Pink Salt and Book Talk

Pink Himalayan salt. Sometimes, when things are not going the Way We Would Like, changing something humdrum and boring for a magical pink version can be surprisingly uplifting. At some point during half term, I was rushing between depositing some of my children in one place and picking up some other of my children in another place and trying to make sure I didn’t get any of them mixed up with the additional children who were somehow associated with the entire undertaking, when I passed a Polish delicatessen.

In the window was a bag of something that looked like crystallised mermaid tears. Three quid seemed quite cheap for half a kilogram of magic, so, hoping no mermaids had been harmed in the manufacturing process, I bought a bag. It nestled at the bottom of my handbag all day, and when I got it home I tipped a little into an egg cup and put it on the kitchen table. Salt is salt, I suppose. But when it’s pink and the grains are very slightly irregular, both in shape and colour, you can pretend it’s the dust that will take you to C.S. Lewis’ Wood Between the Worlds, or that it was brought back from Mars especially for you, or that it was what Jay Gatsby put in his boiled egg every morning just before dispatching brand-new ball gowns to strangers.

I don’t suppose my switch to pink Himalayan salt is in any way responsible, but I had some good news this week. Some time ago, feeling that there is simply not enough coverage of books and reading in the media, I pitched an idea to our local community radio station, Chiltern Voice. Books, I said, authors, stories, readers. Interviews. Music. Classic stories everyone loves; new stories not yet published; aspiring writers looking for support. And, being a wonderful institution with its listeners at heart, Chiltern Voice has said yes.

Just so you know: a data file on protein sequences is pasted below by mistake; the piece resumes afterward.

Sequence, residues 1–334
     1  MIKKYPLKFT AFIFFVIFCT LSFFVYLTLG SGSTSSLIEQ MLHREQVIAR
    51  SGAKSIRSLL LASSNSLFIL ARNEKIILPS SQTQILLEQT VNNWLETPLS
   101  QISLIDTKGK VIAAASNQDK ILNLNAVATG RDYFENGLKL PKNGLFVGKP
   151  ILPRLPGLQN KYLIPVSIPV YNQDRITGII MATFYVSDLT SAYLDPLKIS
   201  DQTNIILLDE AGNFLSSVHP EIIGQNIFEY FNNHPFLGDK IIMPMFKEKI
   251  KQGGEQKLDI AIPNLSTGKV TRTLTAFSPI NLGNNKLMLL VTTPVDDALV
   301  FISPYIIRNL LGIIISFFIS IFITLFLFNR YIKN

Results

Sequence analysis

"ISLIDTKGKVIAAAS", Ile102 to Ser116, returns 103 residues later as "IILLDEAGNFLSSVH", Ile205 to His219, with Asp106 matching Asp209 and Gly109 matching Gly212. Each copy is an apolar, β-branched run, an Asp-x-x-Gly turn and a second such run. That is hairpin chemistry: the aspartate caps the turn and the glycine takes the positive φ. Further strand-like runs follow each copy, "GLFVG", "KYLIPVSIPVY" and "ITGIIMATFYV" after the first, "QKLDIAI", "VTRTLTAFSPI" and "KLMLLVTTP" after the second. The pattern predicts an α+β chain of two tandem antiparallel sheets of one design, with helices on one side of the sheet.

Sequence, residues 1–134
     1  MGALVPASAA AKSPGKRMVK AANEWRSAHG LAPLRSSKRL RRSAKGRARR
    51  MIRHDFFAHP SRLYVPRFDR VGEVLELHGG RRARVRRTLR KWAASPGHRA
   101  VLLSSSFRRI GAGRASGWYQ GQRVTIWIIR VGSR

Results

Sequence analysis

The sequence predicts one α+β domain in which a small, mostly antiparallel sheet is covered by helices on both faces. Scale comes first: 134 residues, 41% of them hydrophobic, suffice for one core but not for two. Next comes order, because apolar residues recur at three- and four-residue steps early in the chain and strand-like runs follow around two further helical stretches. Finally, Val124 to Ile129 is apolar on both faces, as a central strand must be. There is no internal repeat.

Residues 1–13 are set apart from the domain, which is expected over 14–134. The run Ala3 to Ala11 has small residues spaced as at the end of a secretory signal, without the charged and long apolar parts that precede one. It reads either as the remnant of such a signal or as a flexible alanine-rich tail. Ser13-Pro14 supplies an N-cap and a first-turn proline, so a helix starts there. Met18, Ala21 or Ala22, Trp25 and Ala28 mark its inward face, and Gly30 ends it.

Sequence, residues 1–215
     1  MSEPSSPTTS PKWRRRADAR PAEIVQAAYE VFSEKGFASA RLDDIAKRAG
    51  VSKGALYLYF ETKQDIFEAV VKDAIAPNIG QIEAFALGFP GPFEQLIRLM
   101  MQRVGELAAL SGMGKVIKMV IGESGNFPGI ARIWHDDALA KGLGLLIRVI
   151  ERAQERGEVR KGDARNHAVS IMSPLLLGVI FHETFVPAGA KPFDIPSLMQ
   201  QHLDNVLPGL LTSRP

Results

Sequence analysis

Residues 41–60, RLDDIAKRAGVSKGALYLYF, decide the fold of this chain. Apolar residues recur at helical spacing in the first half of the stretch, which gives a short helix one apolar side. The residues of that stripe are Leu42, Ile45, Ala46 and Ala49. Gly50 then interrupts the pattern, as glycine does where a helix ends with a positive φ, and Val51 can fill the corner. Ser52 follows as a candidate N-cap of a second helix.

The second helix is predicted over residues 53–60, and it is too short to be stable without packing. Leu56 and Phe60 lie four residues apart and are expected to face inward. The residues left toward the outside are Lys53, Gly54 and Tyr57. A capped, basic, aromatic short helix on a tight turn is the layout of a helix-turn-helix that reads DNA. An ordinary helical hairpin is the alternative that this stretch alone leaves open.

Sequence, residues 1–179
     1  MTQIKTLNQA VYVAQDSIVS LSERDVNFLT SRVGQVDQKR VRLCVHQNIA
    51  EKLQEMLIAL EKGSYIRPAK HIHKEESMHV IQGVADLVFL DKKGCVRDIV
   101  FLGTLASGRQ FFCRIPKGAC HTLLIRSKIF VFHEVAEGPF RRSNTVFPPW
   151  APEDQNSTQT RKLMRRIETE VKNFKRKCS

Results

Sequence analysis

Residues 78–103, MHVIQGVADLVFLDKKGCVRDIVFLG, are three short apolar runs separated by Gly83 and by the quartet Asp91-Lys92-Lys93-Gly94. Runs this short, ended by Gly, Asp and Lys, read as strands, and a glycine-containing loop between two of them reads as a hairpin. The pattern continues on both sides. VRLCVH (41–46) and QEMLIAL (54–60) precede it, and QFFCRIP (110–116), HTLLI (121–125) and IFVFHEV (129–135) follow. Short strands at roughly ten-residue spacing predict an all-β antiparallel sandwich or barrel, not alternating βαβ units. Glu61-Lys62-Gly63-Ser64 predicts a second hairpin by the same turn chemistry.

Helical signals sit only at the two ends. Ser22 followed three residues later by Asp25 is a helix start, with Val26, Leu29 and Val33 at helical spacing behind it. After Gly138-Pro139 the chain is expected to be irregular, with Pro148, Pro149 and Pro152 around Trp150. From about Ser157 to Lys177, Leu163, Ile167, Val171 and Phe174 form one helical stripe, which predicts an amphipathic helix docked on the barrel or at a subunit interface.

It’s hard to express what a difference this small piece of progress has made. Thinking about how to manage the show; what I want to say; how I’m going to engage and involve listeners and build an audience and sound the trumpet on behalf of books and reading and readers and writers. I hate the sound of my own voice, and yet the prospect of using it on behalf of the book-loving universe is incredibly exciting. Terrifying, too, in the best way. I have no experience whatsoever of broadcast media; I have everything to learn. My vision is of a light hearted couple of hours in the virtual company of good friends. I’m going to learn to record interviews; I’m also hoping people will want to come in to the studio to talk about their work and to choose their favourite songs, and that they’ll bear with me while I work out what on Earth I think I’m doing.

The trouble with writing is that it’s so intensely solitary. You can have the best support network in the world, but it’s still you and you alone who has to put the words on the page; you and you alone who can weigh up what you’ve written with the vision behind it; you and you alone who has to work out where you stand in relation to its fate in the world. Chiltern Voice has given me the chance to refocus, away from my own success or failure, to shine a light through the ever-shifting kaleidoscope that is the storytelling community and remember why I fell in love with books in the first place. Tell me what you’re reading and how you’re finding it; tell me what you’re writing and why. What song would you like to hear? How did books first become a part of your life? Books are our pink Himalayan salt, lending a touch of magic to our quotidian reality. I’m hoping to create a book show that reflects that (and I promise that no mermaids will be harmed).

I’m starting gently and quietly this Monday, the 5th November. Wish me luck – and if you leave a song request and/or a story for me here, I’ll fold it in.

 

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